Workneh Ayalew, J. Edward O. Rege, Ephrem Getahun, Markos Tibbo, Yetnayet Mamo:
Delivering Systematic Information on Indigenous Farm Animal Genetic Resources of Developing Countries -- The Development and Prospects of DAGRIS


International Livestock Research Institute (ILRI), Animal Genetic Resources Group, Ethiopia

This paper describes the objectives, historical development, structure, functionality, content, utility and future prospects of the Domestic Animal Genetic Resources Information System (DAGRIS) of ILRI. This public-domain electronic database is designed to cater for the needs of researchers, policy makers, development practitioners, teachers, students and farmers in developing countries for efficient access to available published and grey literature from past and present research results on the origin, distribution, diversity, present use and status of selected farm animal genetic resources (FAnGR). It is currently available, free of charge, on the web as well as on CD-ROM. It is argued that information on the extent of existing genetic diversity, characteristics and use of FAnGR in developing countries is the basis for their present as well as future sustainable utilization. In developing countries, neglect and lack of accurate information on the diversity and status of the existing farm animal genetic resources are believed to exacerbate the alarming rate of irreversible loss of genetic diversity. Such losses reduce opportunities to improve food security, alleviate poverty and attain sustainable agricultural practices. The other known threats to their conservation are droughts, post-drought livestock restocking schemes that do not take account of undesirable consequences on the indigenous genetic resources, civil strife, well-meant crossbreeding programs that get out of control, lack of markets and gradual shifts in socio-economic settings of traditional communities, which happen to maintain the majority of the surviving indigenous farm animal genetic resources to date. The situation is alarming indeed because 16% of the finite set of 7000 unique populations (breeds or strains) have been lost since the beginning of the 19th century, and a further 32% are at risk of becoming extinct. Yet the rate of extinction, currently at two breeds per week, is expected to accelerate. The content and functionality of DAGRIS is designed to enlighten all stakeholders, in an efficient way, on the status as well as particularly useful attributes of recognised livestock breeds at the level of individual countries. It is also intended to provide the necessary decision-support tools for the development, sustainable use and conservation of selected FAnGR.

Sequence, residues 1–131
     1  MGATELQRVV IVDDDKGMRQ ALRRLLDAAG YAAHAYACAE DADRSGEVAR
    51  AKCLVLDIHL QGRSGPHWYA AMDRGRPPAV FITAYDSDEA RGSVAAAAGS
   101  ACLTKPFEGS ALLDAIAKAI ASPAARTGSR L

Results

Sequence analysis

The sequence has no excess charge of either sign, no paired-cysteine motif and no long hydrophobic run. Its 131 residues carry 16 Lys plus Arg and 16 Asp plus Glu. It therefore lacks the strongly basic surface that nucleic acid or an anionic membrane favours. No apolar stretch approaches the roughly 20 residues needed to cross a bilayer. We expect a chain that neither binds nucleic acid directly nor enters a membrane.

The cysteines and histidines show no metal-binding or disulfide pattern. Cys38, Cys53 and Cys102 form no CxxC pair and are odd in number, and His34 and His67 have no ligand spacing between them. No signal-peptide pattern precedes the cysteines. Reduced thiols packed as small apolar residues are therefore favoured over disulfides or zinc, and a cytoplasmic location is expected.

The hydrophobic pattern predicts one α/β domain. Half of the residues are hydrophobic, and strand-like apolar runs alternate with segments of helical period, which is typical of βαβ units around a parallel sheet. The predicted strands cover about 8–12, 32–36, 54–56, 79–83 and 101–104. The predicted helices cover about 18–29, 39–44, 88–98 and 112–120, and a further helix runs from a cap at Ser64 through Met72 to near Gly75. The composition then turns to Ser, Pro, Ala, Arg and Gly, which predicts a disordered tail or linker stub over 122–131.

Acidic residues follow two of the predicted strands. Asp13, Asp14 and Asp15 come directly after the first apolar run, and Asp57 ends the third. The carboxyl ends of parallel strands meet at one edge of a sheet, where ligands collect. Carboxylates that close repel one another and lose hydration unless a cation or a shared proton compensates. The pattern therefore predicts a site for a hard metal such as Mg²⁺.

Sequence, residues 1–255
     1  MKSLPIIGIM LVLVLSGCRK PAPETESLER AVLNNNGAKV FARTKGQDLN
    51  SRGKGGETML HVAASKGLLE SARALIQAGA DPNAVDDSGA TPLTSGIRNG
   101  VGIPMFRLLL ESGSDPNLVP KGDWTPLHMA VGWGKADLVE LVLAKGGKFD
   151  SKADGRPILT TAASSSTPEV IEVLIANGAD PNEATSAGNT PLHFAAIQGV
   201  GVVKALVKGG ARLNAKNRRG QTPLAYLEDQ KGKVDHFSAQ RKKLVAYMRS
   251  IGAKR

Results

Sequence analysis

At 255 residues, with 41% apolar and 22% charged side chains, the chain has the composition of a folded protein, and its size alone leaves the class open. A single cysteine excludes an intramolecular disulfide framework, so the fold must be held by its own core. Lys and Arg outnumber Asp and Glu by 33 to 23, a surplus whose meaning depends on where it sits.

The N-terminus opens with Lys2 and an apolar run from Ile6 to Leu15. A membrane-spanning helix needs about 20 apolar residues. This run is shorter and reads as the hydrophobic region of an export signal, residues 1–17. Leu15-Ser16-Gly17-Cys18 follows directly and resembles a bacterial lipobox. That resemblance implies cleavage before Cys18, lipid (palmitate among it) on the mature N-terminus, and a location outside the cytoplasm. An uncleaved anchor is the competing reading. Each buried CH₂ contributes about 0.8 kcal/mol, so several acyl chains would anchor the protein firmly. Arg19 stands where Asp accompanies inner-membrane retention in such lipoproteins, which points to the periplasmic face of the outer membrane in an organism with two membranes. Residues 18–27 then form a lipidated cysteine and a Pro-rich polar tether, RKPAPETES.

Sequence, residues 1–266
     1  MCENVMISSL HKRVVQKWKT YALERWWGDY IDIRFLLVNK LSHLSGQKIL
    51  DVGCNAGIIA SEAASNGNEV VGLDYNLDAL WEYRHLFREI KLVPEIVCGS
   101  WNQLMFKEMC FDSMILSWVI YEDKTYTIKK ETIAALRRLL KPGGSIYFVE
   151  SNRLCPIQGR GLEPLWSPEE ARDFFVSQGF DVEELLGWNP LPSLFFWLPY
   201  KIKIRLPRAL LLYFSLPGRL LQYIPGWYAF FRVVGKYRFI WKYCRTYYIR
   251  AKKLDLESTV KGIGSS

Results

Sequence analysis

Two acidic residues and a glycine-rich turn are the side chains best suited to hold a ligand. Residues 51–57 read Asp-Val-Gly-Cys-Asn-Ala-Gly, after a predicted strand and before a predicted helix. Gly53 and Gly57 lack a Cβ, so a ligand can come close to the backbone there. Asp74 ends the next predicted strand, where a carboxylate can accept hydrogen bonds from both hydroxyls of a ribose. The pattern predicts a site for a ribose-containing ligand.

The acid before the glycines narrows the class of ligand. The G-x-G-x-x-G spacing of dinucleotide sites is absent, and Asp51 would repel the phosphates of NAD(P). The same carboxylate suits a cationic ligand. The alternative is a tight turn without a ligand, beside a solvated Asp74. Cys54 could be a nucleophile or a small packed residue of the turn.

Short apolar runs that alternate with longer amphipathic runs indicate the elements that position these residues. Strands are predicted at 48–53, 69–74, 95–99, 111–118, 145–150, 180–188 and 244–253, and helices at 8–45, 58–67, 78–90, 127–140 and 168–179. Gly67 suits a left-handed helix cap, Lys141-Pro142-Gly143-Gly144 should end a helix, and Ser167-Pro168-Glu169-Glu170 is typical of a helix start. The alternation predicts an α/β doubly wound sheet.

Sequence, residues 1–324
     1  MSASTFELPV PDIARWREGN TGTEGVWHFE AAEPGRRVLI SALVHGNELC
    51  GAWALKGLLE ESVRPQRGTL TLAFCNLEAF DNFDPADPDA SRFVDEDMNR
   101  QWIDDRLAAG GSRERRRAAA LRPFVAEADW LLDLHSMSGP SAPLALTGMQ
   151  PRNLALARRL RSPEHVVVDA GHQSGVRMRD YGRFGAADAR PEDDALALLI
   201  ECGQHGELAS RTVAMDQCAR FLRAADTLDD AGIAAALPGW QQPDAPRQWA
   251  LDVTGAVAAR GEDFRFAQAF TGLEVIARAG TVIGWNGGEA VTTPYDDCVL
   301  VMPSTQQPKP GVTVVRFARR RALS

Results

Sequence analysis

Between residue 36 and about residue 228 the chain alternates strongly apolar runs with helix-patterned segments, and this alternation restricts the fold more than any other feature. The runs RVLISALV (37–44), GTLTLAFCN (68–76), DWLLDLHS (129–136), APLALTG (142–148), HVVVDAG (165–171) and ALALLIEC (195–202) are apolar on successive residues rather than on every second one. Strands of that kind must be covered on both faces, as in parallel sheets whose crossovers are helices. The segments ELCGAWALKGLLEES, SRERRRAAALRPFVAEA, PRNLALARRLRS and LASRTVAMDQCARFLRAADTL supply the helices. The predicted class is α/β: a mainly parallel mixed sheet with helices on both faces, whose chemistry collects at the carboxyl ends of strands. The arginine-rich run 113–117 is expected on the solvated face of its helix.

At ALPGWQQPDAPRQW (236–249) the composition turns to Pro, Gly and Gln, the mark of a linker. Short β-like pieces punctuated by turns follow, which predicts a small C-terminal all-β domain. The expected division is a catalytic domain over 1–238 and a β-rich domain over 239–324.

Keywords: Conservation, database, developing countries, domestic animal genetic resources information system (DAGRIS)

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Contact Address: Workneh Ayalew, International Livestock Research Institute (ILRI), Animal Genetic Resources Group, P O Box 5689, Addis Ababa, Ethiopia, e-mail:
Andreas Deininger, 2003